Congratulations! You just wrote a brand-spanking new resume for yourself and you are ready to hit the pavement with it. Your accomplishments are there in big, bold statements, your shining personality marketed in perfect language, your professional history detailed in perfect precision. You are confident that anyone reading this spectacular document will fall all over themselves to hire you on the spot. You have eagerly submitted it on countless online application platforms and you are now just waiting for that phone to start ringing off the hook.

…and waiting…

So what’s the problem? There could be a million reasons you haven’t yet gotten a bite (and likely all of them are keeping you up at night), but chances are your exceptional, standout resume might be dangling idly in cyberspace, hiding in a database with thousands of other resumes that haven’t passed today’s modern recruitment “test” – the ATS.

What is an Applicant Tracking System? In short, it is a software application that assists recruiters in the daunting process of weeding out candidates by identifying key words and criteria appearing in a resume and filtering results accordingly. Many organizations use this software not only for data mining, but for managing and building relationships in the recruitment process, similar to CRM.

So why does this matter when building a resume? It’s simple – if human eyes aren’t the first to view your document, you need to know what is going to get you through this first obstacle in the application process. Above aesthetics and organization comes the need for relevant vocabulary and information, and visibility of that information in your document. In other words, if a recruiter wants a candidate to be “organized”, with specialties in “data processing” and “human resource management”, and a “MBA”, this information better be tractable in your resume.

Similar to SEO (Search Engine Optimization), Resume Optimization ensures that relevant keywords appear and aren’t hidden within text boxes, charts or graphics. A carefully optimized resume will have keywords strategically used throughout the document, without “keyword stuffing”, and will focus the language in the most representative way so that meaning is maximized. Consider these few ways you can optimize your resume:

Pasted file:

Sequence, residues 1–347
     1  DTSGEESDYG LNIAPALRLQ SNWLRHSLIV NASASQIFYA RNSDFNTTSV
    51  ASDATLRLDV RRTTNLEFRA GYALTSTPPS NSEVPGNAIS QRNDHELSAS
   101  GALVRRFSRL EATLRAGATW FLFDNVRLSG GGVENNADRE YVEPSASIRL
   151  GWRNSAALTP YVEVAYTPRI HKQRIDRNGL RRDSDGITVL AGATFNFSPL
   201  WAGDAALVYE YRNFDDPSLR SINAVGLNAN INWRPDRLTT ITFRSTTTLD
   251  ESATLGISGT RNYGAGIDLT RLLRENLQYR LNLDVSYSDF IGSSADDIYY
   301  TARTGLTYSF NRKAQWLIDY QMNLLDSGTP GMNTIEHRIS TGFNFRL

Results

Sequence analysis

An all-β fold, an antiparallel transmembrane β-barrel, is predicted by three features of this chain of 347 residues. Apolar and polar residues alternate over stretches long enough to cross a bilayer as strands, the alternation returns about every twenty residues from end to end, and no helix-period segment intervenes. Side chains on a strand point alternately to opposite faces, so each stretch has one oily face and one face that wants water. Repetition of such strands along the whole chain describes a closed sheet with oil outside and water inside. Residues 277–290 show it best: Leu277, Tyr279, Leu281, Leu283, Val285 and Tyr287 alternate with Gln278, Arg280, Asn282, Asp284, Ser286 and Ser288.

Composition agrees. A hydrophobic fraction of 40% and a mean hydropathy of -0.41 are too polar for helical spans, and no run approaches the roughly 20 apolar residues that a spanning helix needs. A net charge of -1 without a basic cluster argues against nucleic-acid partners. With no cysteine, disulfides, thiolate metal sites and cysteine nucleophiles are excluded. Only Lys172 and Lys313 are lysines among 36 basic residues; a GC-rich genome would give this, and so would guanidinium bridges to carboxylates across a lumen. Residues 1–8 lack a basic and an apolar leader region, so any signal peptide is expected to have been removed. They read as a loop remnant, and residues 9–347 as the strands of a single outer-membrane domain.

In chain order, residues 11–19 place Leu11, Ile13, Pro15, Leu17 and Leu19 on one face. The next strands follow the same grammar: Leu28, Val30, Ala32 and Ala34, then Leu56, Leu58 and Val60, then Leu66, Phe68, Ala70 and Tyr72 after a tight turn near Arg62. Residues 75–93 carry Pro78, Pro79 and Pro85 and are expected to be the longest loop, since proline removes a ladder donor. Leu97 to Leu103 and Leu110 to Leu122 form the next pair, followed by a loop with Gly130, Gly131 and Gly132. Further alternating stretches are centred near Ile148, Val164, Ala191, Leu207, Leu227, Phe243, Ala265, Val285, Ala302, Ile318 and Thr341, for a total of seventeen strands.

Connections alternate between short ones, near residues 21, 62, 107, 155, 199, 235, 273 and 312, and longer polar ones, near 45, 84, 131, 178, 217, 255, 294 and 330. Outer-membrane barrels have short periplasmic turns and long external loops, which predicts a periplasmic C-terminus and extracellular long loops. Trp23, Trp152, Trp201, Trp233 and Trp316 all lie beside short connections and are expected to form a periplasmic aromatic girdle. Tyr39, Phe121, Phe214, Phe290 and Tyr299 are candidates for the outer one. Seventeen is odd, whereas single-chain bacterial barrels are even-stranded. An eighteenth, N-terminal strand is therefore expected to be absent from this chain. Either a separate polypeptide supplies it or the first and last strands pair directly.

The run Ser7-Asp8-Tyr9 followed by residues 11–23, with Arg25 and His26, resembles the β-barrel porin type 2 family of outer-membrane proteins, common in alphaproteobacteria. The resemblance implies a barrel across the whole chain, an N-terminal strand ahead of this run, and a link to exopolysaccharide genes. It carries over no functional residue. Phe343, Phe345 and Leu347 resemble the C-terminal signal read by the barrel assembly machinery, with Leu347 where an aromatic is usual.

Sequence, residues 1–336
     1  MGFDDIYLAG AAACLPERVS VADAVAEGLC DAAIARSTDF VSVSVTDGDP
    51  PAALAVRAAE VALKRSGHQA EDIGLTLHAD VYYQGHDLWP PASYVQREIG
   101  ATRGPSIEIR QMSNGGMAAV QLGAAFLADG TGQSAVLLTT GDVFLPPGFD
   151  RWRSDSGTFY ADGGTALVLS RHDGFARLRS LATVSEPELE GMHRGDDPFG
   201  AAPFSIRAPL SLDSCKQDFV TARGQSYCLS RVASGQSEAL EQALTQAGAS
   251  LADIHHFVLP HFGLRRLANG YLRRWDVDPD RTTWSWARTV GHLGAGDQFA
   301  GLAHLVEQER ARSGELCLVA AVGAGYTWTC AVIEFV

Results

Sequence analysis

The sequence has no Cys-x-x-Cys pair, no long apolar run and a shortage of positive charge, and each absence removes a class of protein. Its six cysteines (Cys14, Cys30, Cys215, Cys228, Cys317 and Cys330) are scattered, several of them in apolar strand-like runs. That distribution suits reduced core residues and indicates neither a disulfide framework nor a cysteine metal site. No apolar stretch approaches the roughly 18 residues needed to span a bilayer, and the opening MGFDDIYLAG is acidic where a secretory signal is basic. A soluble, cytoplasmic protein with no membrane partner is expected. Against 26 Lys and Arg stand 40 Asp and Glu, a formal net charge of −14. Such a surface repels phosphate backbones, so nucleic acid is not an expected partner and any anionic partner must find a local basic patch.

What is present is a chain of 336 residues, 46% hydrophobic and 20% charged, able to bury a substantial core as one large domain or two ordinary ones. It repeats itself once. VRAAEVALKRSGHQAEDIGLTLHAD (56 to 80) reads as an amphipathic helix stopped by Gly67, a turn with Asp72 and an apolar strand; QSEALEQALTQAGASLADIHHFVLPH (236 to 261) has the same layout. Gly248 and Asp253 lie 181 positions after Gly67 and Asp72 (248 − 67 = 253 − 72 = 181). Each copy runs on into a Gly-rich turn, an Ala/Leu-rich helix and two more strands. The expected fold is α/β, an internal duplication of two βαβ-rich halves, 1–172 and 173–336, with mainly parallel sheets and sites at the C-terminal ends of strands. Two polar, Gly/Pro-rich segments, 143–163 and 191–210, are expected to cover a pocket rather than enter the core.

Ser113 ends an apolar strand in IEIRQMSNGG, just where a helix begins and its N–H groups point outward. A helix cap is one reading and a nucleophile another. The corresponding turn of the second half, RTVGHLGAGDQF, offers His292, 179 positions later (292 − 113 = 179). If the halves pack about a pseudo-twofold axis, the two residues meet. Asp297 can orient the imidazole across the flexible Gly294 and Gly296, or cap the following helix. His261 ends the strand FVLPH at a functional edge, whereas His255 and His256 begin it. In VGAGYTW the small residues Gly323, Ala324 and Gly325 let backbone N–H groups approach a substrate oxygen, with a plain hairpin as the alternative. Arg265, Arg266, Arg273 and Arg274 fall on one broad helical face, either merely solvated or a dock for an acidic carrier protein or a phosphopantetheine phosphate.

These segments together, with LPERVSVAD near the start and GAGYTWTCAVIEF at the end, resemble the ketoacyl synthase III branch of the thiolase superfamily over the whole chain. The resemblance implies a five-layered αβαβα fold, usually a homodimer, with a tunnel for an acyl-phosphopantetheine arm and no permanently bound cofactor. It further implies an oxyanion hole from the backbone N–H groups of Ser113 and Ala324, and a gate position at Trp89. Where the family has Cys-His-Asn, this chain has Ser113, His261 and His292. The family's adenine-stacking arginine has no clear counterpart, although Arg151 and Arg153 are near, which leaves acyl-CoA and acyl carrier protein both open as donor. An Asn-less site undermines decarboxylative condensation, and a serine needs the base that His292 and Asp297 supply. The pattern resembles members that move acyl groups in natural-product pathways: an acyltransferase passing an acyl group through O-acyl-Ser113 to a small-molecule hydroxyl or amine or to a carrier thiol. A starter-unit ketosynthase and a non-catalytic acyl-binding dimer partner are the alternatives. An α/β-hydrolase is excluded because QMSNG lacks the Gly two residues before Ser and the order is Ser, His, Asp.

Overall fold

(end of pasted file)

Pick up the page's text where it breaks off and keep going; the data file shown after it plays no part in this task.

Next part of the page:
1. Use your target ad – Job advertisements usually list important criteria that the ATS will be programmed to detect. If a job ad has a list of key areas or skills, make sure they are in your resume.
  2. Keep it clean – Fancy graphics and charts can look great to some eyes, but they can often hide the crucial content when translated into ATS-friendly text. Let the words speak for themselves and avoid too many fancy visuals.
  3. Tweak your job title – When listing your history, job titles can be an opportunity to show your experience. Altering the job title from “Project Coordinator” to “Project Manager” may seem sneaky, but if it doesn’t cross any ethical boundaries and is still representative of the work you did, fine tuning the title can give you more visibility when applying to a position of the same name. Also, you can use the headline of your resume to give yourself an overall professional title that shows your direct qualification.
  4. Have an “Areas of Expertise” section – Including a list of specialties or skills is an opportunity to highlight keywords and make them easily identifiable to ATS scanners.
  5. Don’t overstuff – While including keywords is important, stuffing your document with them is a red flag not only to ATS, but also the human recruiter that will eventually read your resume. Write your document with human eyes in mind, just as you would an article, allowing the language to be as natural as possible.
  6. Consider keyword placement – Yes, it’s a lot more enjoyable to read a document that uses synonyms and variety in language, but for an ATS variations can be a sensitive issue. If you wrote under one job title that you “consulted”, but in another you “advised”, the ATS might consider your consultant experience only in the first position. Repetition isn’t always a bad thing, so try to keep things balanced and representative.

ATS Optimization is an art, and although it isn’t the only factor to consider when developing a killer resume, it is becoming more and more valuable. Need more assistance? Contact us today with your needs.

Career Compositions

Career Compositions is a team of Certified Resume Strategists and writers offering expertise in personal branding and marketing documents for career professionals across Canada.

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